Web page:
Cameron Kyles went to a Middletown house on the night of Oct. 12, 2019, and robbed then shot Michael Stewart II to death as part of a gang plot involving three others, according to prosecutors.
Kyles’ trial for aggravated murder in the slaying of Michael Stewart II began Monday in Butler County Common Pleas Court.
But the defense says Kyles, now 20, was a “patsy” to take the fall for those who conspired to rob Stewart.
In addition to aggravated murder, Kyles is charged with aggravated robbery, aggravated burglary, felonious assault and having weapons under disability for Stewart’s slaying on Ninth Avenue.
During opening statements in Butler County Common Pleas Court, Assistant Prosecutor Jackie Welp told the jury 35-year-old Stewart was a “Blood” gang member and Kyles and the co-defendants were “Crips” who planned to “hit a lick” or rob Stewart of cash and marijuana.
Camron Pawlowski, a 16-year-old boy and another teen hung out at Pawlowski’s residence on Bavarian Woods on Oct. 12 smoking marijuana and talking about the robbery, Welp said. After picking up Kyles, they drove to Stewart’s house, parked in the alley, and sent in the youngest of the four to make a buy and see if anyone else was in the house.
Then Kyles went into the house with a gun, shots are fired and Kyles ran out as Stewart lay dying grabbing money and a baggie of marijuana. They went back to the Bavarian Street residence where Kyles took a shower and put his clothes in the washing machine. The gun, which Middletown police found, was ditched in the woods near the residence wrapped in a white shirt, according to prosecutors.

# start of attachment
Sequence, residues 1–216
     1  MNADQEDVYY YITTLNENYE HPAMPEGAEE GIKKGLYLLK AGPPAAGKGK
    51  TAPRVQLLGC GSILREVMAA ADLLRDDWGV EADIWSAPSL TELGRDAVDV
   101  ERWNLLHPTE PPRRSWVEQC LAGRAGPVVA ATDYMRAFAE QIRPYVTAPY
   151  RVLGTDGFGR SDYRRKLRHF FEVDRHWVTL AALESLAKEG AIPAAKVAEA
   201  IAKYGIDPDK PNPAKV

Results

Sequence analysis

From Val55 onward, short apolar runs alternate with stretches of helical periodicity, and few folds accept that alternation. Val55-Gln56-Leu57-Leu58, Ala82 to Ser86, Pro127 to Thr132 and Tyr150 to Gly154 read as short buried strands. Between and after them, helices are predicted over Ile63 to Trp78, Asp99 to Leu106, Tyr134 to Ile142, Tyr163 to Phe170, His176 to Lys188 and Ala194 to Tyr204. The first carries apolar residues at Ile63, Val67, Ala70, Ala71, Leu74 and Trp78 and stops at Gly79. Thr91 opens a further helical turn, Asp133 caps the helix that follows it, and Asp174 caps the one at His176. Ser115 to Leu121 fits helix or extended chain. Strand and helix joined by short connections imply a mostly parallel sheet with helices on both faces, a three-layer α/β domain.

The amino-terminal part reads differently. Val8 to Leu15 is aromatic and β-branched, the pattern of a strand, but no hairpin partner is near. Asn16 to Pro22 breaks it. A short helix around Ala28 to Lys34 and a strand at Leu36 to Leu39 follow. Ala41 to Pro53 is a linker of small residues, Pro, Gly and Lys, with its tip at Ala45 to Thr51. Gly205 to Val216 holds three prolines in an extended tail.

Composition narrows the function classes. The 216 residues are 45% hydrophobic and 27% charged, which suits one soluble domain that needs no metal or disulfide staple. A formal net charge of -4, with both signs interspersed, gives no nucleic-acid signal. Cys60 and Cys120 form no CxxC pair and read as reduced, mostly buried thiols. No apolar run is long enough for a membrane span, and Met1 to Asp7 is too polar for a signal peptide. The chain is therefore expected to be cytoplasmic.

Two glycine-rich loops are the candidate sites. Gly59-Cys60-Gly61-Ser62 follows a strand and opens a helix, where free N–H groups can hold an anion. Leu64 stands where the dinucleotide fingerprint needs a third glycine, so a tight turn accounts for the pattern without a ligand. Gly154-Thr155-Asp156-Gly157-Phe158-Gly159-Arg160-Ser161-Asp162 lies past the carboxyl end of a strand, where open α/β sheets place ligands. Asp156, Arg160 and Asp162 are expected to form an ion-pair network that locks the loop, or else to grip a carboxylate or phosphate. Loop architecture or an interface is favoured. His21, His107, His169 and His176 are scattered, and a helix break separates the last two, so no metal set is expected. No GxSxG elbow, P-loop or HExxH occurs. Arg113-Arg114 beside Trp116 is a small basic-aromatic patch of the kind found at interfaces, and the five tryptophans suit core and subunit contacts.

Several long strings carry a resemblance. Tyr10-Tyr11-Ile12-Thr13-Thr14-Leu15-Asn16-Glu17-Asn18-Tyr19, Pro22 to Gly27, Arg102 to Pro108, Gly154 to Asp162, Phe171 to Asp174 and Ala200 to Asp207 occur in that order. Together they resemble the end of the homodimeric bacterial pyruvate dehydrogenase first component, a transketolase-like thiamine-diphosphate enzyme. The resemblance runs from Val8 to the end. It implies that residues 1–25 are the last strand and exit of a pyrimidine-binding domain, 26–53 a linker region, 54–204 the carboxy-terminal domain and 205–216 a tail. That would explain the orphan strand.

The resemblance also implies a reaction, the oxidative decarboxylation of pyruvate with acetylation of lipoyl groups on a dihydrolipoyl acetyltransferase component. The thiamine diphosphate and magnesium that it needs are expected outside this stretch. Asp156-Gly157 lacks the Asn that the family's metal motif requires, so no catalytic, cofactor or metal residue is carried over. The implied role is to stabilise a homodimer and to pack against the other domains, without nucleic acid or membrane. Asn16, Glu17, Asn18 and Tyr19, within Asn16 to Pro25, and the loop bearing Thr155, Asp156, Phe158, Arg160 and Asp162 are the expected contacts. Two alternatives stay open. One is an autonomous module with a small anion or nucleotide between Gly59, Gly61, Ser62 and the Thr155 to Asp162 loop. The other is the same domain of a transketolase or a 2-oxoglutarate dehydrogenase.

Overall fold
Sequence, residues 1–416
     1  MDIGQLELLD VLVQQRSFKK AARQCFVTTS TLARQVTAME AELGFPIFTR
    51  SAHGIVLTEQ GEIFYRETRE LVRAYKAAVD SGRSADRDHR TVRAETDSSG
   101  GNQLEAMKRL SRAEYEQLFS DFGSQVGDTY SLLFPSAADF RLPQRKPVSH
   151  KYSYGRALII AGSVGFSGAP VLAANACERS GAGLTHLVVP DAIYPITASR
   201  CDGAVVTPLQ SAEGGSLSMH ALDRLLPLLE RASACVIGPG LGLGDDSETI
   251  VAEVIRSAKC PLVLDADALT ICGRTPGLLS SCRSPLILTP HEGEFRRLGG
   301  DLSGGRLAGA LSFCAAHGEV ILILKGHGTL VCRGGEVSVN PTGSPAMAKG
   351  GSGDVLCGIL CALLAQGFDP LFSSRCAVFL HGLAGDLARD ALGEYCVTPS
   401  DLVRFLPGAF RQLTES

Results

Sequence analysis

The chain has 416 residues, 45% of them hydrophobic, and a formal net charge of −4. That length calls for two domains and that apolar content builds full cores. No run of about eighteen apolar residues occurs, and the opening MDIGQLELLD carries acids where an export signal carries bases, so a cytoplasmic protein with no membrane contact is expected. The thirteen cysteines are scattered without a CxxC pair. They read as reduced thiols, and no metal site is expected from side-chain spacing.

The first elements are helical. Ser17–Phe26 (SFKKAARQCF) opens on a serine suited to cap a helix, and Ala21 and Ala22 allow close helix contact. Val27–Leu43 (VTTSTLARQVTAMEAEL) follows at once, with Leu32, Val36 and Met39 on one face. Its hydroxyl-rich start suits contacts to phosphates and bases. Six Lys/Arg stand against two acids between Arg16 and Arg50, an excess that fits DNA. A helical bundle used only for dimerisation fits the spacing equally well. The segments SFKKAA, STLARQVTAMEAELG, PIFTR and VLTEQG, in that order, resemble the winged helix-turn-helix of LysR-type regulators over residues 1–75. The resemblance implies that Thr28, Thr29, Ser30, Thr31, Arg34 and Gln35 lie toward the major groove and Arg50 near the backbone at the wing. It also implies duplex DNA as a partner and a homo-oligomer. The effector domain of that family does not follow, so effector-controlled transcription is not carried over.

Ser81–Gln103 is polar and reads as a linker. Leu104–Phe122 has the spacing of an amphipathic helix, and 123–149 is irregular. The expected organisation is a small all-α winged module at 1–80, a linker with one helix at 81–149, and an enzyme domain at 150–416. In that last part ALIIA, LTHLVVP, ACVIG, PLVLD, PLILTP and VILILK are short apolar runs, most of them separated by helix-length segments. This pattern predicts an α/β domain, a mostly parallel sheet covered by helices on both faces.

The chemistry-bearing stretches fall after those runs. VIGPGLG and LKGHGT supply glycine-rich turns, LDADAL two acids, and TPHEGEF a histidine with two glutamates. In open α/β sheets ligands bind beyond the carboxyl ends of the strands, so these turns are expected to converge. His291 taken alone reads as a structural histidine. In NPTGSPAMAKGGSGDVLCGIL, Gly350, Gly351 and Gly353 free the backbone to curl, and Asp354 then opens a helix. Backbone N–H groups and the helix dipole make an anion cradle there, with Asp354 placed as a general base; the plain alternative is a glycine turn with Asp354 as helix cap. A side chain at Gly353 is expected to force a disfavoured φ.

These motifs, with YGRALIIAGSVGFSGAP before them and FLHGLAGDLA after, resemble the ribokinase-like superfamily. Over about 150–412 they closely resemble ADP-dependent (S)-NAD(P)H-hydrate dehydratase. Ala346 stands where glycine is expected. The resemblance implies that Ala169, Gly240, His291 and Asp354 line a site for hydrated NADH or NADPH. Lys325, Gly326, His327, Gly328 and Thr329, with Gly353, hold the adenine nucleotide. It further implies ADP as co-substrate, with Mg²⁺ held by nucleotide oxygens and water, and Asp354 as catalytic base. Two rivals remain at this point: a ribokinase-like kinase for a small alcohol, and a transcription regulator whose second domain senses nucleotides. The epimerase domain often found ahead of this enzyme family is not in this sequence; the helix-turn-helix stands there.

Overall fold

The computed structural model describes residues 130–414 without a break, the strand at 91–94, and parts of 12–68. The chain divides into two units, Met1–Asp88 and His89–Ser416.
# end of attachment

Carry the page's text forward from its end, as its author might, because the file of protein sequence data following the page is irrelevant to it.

Welp said the teens divided up the money from the robbery and blood-stained dollar bills were found in Kyles’ possession.
“We know this defendant’s whereabouts on Oct. 12 to Oct. 13 because he was wearing a GPS monitor from a previous charge of participating in a criminal gang,” Welp said. She added Kyles wanted to “earn his stripes” with the gang by committing the robbery.
Defense attorney Rodney Harris told the jury during openings, “Throughout Cameron’s life he has had a number of mental health limitations and challenges. He has been manipulated and mistreated. He was popular when they wanted a patsy.”
Kyles was not trusted because he could not keep a secret and was not part of the planning to rob Stewart, Harris said.
“He was the dumb patsy that they could lay the case right in his lap,” Harris said, adding what better person to take the fall than someone wearing a GPS monitor.
The defense attorney pointed out during the trial that the juvenile, who was called to testify, was given a deal assuring his case stay in juvenile court if he testified at trial. He pled guilty to murder and has been sentenced to the Ohio Department of Youth Services until his 21st birthday.
Pawlowski, 17, who was tried as an adult, was sentenced to prison for 15 years. He pleaded guilty to involuntary manslaughter, aggravated burglary and having weapons under disability with gang and gun specifications. A fourth person in the car was not charged, Harris said.
The trial is expected to continue all week.
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